2015 GSA Annual Meeting in Baltimore, Maryland, USA (1-4 November 2015)

Paper No. 331-3
Presentation Time: 2:10 PM


STALEY, Dennis M., U.S. Geological Survey, Denver Federal Center, P.O. Box 25046, MS 966, Denver, CO 80225, NEGRI, Jacquelyn, U.S. Geological Survey, Denver, CO 80225-0046 and KEAN, Jason W., U.S. Geological Survey, Denver Federal Center, P.O. Box 25046, MS 966, Denver, CO 80225-0046, dstaley@usgs.gov

Population expansion into fire-prone steeplands has resulted in an increase in post-fire debris-flow risk in the western United States. To reduce risk in southern California, the United States Geological Survey (USGS) and the National Weather Service (NWS) have developed a post-fire debris-flow early-warning system in Los Angeles and San Diego. Rainfall intensity-duration (ID) thresholds for the generation of runoff-induced post-fire debris-flows comprise a major component of the warning system. This system compares forecasted and real-time estimates of rainfall intensity to the empirically-derived ID thresholds. How closely the forecasted or observed rainfall rates compare to the ID thresholds is a major factor in the decision-making process for issuing debris-flow outlooks, watches, and warning. The success of this program in southern California has increased interest in the expansion of the warning system into other regions. A major limitation of the current empirical approach is the need for an extensive library of rainfall and basin response information from which the ID thresholds can be calculated, which is time-consuming to develop.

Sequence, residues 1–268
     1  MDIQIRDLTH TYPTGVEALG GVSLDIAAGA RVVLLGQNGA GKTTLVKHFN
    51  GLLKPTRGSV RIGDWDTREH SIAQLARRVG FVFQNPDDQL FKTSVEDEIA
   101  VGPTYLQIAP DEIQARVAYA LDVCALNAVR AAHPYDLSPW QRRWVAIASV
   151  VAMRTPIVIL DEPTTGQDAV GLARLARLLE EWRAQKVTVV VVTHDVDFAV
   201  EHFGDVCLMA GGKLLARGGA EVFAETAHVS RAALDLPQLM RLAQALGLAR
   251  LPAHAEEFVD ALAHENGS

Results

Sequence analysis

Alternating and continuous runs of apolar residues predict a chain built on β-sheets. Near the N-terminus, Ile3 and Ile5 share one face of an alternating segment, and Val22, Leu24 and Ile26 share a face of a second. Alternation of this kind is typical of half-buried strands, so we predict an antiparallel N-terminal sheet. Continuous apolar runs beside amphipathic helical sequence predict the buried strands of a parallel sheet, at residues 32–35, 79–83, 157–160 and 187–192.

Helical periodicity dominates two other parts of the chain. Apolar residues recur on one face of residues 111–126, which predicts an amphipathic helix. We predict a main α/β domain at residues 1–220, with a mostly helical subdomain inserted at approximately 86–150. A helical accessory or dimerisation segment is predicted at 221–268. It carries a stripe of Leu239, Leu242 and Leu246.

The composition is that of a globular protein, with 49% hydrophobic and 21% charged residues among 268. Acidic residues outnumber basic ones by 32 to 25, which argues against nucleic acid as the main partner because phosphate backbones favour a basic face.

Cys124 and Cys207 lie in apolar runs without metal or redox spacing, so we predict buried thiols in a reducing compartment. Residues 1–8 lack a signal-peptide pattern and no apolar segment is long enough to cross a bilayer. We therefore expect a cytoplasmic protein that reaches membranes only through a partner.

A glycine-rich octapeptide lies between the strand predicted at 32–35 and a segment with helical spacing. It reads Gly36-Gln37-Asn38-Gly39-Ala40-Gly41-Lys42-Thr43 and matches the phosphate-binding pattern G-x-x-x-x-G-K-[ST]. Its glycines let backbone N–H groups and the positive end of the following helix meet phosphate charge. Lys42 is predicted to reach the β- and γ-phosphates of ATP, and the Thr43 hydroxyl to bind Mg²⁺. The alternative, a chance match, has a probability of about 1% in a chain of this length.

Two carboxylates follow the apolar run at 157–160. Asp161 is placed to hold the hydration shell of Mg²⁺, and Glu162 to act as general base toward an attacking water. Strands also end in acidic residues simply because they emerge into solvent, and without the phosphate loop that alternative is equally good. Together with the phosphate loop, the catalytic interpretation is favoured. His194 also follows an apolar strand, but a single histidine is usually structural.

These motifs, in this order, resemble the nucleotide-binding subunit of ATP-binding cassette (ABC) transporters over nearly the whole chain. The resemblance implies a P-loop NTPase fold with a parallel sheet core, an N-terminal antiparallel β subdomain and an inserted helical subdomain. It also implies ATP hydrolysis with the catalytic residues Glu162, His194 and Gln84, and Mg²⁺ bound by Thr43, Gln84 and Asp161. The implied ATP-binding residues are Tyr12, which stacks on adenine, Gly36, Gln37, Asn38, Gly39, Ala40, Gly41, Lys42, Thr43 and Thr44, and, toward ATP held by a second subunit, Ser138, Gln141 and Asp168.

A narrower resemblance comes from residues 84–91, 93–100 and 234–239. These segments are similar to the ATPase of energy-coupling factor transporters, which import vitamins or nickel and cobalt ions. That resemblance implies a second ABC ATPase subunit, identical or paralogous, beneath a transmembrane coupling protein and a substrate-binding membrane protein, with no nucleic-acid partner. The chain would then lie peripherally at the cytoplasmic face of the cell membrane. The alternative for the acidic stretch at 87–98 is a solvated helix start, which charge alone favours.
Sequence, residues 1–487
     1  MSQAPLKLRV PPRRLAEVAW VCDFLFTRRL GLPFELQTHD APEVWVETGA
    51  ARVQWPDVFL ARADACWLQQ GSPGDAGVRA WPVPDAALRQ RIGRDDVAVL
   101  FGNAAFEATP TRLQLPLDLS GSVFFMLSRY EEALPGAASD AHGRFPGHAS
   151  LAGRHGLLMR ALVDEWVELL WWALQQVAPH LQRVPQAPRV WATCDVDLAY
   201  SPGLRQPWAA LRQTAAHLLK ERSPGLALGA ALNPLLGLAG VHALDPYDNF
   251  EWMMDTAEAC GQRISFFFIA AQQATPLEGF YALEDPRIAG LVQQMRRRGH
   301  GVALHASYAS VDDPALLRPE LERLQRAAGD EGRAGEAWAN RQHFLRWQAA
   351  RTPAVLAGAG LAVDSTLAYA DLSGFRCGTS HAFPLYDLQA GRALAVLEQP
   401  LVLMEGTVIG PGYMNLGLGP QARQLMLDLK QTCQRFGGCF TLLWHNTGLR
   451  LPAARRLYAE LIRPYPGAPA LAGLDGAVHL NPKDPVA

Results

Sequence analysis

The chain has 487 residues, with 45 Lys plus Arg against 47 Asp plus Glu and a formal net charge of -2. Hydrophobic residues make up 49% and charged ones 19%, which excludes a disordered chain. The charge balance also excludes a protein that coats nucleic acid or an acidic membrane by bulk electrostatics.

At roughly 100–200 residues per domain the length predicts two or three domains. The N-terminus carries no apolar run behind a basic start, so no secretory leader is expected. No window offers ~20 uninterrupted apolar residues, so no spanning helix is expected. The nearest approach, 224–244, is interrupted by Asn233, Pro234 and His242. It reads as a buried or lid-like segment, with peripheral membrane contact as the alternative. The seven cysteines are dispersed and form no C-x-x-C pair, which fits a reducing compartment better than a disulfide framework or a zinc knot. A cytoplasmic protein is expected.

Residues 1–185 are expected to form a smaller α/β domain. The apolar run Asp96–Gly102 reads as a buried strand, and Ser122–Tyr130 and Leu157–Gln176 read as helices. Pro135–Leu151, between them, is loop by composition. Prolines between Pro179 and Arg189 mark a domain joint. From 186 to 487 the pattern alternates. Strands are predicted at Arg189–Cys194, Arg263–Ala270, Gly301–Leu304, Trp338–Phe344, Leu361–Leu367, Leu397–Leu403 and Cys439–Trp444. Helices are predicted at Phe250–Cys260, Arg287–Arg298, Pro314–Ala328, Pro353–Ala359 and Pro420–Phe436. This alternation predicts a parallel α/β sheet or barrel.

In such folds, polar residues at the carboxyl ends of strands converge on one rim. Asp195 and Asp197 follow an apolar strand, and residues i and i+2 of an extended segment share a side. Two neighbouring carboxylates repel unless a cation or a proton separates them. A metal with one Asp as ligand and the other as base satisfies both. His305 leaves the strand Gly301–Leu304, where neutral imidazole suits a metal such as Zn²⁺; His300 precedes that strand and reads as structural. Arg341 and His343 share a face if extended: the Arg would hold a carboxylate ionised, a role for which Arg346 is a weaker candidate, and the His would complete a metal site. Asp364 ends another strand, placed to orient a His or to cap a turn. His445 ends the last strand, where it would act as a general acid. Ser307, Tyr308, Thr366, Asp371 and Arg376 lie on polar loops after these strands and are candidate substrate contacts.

Traditional ID threshold methodology can be combined with logistic regression models that predict post-fire debris-flow probability to create a framework for the calculation of spatially-explicit ID thresholds. The approach presented here synthesizes these methods by incorporating rainfall terms into each model variable within the logistic regression equation. Model performance is evaluated not only by statistical results, but also by how well the model equation defines the rainfall intensity-duration threshold for individual basins for which a threshold has been identified. The model can be applied in a spatially-explicit manner, which allows for site-specific characterization of both the likelihood that a debris-flow will occur at a given rainfall intensity and direct calculation of the rainfall rates that will result in a given likelihood. With additional validation, this model may permit the prediction of spatially-explicit ID thresholds for debris-flow generation and allow for more rapid expansion of the USGS/NWS early-warning system into other susceptible regions.